Academic journal article UCLA Journal of Environmental Law & Policy

The Poverty of Africa's Position at the Climate Change Convention Negotiations

Academic journal article UCLA Journal of Environmental Law & Policy

The Poverty of Africa's Position at the Climate Change Convention Negotiations

Article excerpt



This article discusses Africa's position (or, more accurately in the author's opinion, lack of position) in the Climate Change Convention negotiations. The article argues that, perhaps more than any other global agreement in recent times, the Climate Change Convention negotiations are an amalgam of a bewildering array of diverse national, economic and environmental and other interests, objectives and perspectives all of which have sought, with varying degrees of success, to find expression in the Convention. Africa, so far, has failed demonstrably to articulate any position unique to it, and has therefore been largely marginal in the negotiations. The article explores some of the reasons for this failure and puts forward some suggestions which might be considered in the effort to improve Africa's position in the negotiations.



a. The Phenomenon of Global Warming

The advent of the industrial revolution in the nineteenth century -- with its reliance on the burning of fossil fuels to generate energy and the cutting down of forests to create farmlands -- marked a turning point in the release of carbon dioxide into the atmosphere. Carbon dioxide, along with certain other gases, such as water vapor, methane, chlorofluorocarbons (CFCs) and nitrous oxide, trap the sun's heat near the earth's surface and cause a rise in the global temperature. Carbon dioxide's contribution to this effect is by far the most significant. This warming effect has been referred to as a "greenhouse effect", hence the name "greenhouse gases" (GHGs). These gases occur naturally and perform a beneficial role: without them global temperature would be much lower than it is and the Earth would perhaps not be habitable.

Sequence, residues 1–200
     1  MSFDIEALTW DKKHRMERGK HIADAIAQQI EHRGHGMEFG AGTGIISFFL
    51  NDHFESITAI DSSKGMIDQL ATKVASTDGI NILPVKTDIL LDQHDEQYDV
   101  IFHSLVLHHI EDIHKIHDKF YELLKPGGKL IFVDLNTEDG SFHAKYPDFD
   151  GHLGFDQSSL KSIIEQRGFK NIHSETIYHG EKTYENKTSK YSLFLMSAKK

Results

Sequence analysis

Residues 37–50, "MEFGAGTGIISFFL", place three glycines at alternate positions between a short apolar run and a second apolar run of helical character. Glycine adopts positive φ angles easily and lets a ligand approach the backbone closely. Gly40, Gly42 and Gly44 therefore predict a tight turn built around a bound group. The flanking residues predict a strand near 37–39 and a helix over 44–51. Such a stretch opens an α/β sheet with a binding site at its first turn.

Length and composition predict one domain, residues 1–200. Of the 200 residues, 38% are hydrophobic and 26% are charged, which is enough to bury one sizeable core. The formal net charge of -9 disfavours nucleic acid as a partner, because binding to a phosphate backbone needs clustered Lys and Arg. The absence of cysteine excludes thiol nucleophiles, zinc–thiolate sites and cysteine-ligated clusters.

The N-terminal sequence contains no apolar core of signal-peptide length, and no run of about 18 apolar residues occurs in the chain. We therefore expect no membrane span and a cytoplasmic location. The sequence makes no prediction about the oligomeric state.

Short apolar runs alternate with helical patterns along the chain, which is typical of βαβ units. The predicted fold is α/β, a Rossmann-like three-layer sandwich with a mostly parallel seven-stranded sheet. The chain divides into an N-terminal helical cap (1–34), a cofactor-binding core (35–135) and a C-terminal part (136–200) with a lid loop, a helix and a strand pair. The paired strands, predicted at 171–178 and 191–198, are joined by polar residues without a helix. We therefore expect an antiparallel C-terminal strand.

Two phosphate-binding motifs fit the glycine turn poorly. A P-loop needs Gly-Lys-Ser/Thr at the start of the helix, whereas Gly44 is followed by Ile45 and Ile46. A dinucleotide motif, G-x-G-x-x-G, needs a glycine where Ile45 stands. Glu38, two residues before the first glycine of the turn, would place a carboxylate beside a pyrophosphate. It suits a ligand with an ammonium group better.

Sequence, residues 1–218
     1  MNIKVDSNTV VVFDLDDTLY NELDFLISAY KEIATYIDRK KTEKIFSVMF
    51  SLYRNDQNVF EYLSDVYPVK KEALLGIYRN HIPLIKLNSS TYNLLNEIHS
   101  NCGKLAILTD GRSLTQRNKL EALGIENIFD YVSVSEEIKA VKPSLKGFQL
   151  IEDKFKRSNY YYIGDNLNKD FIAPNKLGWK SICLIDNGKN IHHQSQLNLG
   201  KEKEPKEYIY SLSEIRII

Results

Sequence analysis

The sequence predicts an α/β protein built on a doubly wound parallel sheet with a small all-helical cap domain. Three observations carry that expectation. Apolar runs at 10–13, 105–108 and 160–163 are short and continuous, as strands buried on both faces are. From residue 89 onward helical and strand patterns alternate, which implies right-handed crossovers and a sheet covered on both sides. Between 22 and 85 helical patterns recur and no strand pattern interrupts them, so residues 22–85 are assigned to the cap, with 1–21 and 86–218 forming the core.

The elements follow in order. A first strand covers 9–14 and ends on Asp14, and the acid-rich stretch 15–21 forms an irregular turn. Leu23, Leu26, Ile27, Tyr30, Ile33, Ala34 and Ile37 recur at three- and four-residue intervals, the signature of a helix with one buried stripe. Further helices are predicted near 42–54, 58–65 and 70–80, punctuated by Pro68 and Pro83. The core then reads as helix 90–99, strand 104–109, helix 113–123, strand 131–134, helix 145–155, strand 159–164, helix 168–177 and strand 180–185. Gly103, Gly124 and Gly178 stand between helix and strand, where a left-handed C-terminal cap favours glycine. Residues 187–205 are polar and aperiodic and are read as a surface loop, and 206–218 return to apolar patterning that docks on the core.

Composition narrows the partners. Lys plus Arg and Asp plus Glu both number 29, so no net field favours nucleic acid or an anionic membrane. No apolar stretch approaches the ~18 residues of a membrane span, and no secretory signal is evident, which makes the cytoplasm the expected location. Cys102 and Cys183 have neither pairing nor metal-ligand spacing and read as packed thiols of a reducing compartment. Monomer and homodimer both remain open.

However the burning of fossil fuels (coal, oil and gas) for energy generation and other human productive and consumptive activities including industrial, agricultural and waste disposal processes have led to a dramatic increase in human generated ("anthropogenic") GHGs. During the decade beginning in 1980 mainstream scientific opinion(2) came to the view that if the world (more particularly, industrialized countries) continued emitting GHGs at present rates both global average temperatures and sea levels would rise much faster than at any time in the history of human civilization. This view was formalized in a 1990 Report by the Intergovernmental Panel on Climate Change (IPCC) that the United Nations Environmental Programme and the World Meteorological Organization established to study and report on the issue. However, the report pointed out that unequivocal judgments about the rate of increase could not be made for at least another decade.

Global warming on the predicted scale would lead to serious stresses on the planet's ecological system, with far reaching economic, social and environmental consequences. Climatic zones might shift; sea levels might rise following melting of glaciers with serious impacts on low lying islands and coastal areas; rainfall patterns may change; disease carrying vectors may multiply or reappear and so on.(3) Further, the rates of change might be faster than the ability of some species to respond. But crucially scientific reports pointed out that there were (and continue to be) uncertainties and glaring gaps in the international community's knowledge about the nature and extent of impacts that significant global warming could bring about.

b. The Climate Change Convention

Following the IPCC report the United Nations General Assembly established the Intergovernmental Negotiating Committee for a Framework Convention on Climate Change in December 1990. Its mandate was to negotiate a convention in time for signature at the UN Conference on Environment and Development (UNCED) to be held in Rio de Janeiro in June 1992. The negotiating committee met six times between February 1991 and May 1992 and successfully adopted the Climate Change Convention in time for the Rio Summit. …

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